Perfect Legato Technique

Weekly Newsletter #12

October 28, 2021

Welcome back to the Max Rich Music Weekly Newsletter! 

This week I’d like to highlight the importance of proper legato technique. Legato playing, as it is used on guitar, is the ability to pluck one note and play a series of subsequent notes using only your fretting hand. This is done through the use of slurs, commonly referred to as hammer-ons and pull-offs. 

Think of the best legato players in the world: Allan Holdsworth, Guthrie Govan, Steve Vai etc. What do they all have in common? Efficient motion and loud, powerful legato. So powerful in fact, that they don’t even need to pick anything in order to play, they can simply play using their left hand only! 

Everyone who plays guitar has certainly been exposed to this concept at one point or another, but most fail to master it for a very simple reason. 

Players who consistently have trouble playing crisp, clean hammer-ons are usually trying to “aim” as they bring their finger toward the string. This desire to manipulate your finger as it moves through the air is the basis for all the technical flaws in this technique. 

Watch closely how you set up before doing a hammer-on. Play something really easy, like a hammer-on from the 5th to 6th fret on the low E string, using your index and middle fingers. How far away from the string is your middle finger when you cock it back before attacking? Where is the tip of your finger pointed? 

These questions can help diagnose a crucial flaw in your technique. To begin with, how far the finger is from the string before the hammer-on is a very important part of the process to get correct. If the fingertip is too close to the string there won’t be enough momentum to make the hammer-on sound crisp and loud, instead it will be dull and very quiet. 

The cause for a quiet and weak hammer-on can be three-fold: 

1)The fingertip is too close to the string and therefore can’t gather enough kinetic energy to make the string “pop” once the fingertip makes contact.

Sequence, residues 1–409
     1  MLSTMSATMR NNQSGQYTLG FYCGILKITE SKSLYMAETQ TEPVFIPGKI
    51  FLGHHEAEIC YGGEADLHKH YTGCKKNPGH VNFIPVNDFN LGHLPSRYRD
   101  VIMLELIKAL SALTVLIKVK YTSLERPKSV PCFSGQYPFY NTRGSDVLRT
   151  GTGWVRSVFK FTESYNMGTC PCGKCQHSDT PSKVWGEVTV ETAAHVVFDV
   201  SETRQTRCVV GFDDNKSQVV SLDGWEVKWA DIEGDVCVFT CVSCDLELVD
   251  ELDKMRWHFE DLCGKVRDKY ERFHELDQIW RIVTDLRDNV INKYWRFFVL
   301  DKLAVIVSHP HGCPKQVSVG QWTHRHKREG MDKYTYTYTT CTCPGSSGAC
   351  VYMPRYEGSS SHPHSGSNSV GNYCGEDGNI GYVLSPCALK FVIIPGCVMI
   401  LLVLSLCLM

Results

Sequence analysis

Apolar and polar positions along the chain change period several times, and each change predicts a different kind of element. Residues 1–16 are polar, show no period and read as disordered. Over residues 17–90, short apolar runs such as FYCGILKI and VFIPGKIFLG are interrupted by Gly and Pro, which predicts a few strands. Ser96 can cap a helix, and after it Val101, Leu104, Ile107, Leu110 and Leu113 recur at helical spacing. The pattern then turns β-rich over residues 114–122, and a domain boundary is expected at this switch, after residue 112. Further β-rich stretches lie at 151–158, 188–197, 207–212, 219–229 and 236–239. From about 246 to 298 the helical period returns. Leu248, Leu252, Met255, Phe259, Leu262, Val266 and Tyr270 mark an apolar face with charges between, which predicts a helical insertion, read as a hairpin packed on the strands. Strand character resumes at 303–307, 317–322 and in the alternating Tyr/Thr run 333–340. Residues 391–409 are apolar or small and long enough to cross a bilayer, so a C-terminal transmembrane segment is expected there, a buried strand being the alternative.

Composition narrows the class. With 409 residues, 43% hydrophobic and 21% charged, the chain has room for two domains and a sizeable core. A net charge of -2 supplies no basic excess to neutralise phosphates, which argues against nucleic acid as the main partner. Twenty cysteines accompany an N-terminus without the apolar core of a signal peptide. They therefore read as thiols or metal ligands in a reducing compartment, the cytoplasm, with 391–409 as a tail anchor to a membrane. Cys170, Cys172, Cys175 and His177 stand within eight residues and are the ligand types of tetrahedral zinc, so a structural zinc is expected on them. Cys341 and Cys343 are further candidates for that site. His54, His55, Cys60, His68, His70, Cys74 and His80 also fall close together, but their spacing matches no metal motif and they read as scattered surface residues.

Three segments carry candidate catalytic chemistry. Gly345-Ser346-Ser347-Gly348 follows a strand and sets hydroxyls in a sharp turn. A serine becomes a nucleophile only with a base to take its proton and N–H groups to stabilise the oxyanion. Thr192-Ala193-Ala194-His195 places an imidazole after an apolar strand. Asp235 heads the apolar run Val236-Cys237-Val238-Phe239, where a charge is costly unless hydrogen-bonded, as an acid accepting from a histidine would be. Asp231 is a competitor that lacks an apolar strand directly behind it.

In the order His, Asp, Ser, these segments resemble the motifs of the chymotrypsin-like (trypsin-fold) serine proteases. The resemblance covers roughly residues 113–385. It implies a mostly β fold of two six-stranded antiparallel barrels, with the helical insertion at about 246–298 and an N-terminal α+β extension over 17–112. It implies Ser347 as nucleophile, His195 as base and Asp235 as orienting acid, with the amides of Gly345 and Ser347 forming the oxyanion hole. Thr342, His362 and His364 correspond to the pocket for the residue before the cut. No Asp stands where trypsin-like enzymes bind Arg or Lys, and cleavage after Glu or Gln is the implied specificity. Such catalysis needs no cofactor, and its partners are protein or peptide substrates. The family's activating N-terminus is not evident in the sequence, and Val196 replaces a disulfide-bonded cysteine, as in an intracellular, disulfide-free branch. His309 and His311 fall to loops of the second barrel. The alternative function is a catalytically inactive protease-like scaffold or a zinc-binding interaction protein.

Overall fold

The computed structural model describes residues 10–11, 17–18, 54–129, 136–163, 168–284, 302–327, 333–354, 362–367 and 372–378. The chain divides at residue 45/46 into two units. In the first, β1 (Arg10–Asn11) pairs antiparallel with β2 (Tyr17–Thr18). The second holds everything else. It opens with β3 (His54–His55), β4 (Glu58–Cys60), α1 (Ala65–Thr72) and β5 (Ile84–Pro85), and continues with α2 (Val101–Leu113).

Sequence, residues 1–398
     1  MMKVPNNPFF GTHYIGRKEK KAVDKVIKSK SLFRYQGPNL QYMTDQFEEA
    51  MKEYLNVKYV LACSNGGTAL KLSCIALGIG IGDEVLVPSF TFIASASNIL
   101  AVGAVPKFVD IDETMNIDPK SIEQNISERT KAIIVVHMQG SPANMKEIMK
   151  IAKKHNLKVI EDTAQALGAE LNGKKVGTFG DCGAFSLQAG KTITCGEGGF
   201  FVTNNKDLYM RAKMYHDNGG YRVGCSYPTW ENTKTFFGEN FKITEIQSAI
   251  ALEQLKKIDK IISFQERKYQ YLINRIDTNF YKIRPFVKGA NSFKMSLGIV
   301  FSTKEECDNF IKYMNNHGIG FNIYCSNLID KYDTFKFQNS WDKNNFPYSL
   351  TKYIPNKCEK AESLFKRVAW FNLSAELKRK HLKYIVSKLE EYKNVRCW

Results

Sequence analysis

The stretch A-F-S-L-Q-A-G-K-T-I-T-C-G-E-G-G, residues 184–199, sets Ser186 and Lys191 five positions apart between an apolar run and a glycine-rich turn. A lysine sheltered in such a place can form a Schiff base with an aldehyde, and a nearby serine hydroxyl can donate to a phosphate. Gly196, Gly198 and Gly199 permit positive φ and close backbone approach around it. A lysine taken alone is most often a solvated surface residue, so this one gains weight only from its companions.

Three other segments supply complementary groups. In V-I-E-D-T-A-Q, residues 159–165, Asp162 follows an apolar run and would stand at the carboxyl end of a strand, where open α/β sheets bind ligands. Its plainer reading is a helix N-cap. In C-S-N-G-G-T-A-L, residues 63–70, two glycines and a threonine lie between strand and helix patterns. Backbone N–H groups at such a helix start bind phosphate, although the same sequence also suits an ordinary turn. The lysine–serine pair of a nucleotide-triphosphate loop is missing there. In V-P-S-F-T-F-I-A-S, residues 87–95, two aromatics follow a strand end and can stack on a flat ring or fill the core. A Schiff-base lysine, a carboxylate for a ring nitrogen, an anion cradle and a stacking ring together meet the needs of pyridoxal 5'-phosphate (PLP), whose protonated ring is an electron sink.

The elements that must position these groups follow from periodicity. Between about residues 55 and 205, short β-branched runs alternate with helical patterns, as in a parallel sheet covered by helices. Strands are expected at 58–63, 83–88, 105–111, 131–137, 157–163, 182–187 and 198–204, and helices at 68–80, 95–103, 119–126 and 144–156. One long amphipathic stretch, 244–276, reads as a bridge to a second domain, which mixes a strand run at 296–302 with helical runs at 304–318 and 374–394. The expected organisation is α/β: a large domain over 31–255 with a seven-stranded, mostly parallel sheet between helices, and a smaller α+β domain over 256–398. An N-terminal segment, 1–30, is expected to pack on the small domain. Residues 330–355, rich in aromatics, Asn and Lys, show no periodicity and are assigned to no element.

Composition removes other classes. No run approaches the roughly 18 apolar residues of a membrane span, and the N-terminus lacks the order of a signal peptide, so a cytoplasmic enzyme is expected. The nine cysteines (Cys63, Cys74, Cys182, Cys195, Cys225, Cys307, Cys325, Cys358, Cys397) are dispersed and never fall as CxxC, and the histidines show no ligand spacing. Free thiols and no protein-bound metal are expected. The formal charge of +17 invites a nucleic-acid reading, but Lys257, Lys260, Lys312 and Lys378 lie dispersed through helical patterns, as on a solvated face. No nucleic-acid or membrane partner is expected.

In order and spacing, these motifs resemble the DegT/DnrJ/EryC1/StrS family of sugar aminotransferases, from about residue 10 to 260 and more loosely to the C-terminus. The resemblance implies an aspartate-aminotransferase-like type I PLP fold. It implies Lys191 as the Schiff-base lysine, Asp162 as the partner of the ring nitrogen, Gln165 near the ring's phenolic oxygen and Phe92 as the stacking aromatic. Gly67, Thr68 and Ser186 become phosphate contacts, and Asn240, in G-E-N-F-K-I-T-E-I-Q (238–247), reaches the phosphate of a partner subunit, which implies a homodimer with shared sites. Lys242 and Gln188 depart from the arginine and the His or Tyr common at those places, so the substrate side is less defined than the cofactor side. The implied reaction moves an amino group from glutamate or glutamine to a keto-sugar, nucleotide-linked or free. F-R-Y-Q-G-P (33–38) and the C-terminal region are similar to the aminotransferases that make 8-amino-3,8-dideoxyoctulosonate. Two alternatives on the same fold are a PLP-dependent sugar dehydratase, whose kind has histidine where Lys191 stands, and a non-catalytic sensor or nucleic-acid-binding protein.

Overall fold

2)The finger actually decelerates as it travels through the air. By slowing down as you approach the string you are removing kinetic energy and momentum from the equation and as a result, the flesh of your fingertip actually wraps around the string slowly, muffling the string like a pillow. 

3)The finger is not curved enough in order for the fingertip to make contact with the string, but instead the soft, fleshy pad of the finger makes contact. This soft pad of the finger results in the same pillow-like smothering of the string as mentioned in number 2. 

The deceleration of the finger is usually a result of answering the second question posed a few paragraphs ago, “where is the fingertip pointed, prior to attack?” 

If the tip of your finger is pointing toward to the ceiling, over your shoulder, or really anywhere other than the string itself, then it is necessary that you will have to try to manipulate the direction of your finger as its traveling toward the string in order to make contact on the tip of the finger. 

Having to manipulate your finger as it’s moving is the very cause for slowing the finger down and losing all the momentum from the attack. This is what I mean when I say, “never aim while doing a hammer-on”. The desire to aim will inevitably slow you down and cause a weak sounding hammer-on that is quiet and useless. 

Instead of aiming, it is vital, as you cock your finger backward while preparing for the hammer-on, that you do so using only the big knuckle. 

Start with both index and middle fingers fretted on the low E string on frets 5 and 6. Make sure both fingers are on the fingertip and not the pad of your finger. As you bring your middle finger backward to prepare for the hammer-on, focus on only moving it from the big knuckle. If done properly you will only be able to go a certain distance backward, however, the shape of your finger will stay the same as when it was fretted. 

This hook shape in your finger will ensure that the point of contact on your fingertip is pointing directly at its target, allowing you to simply engage using only  the big knuckle. By removing the two smaller knuckles from the equation we get a fulcrum point (the big knuckle), which functions like a hinge. Allowing the curved finger to move backward and forward along the same axis without ever having to “aim” as you move toward the string. 

For a clear example of this technique, check out this video here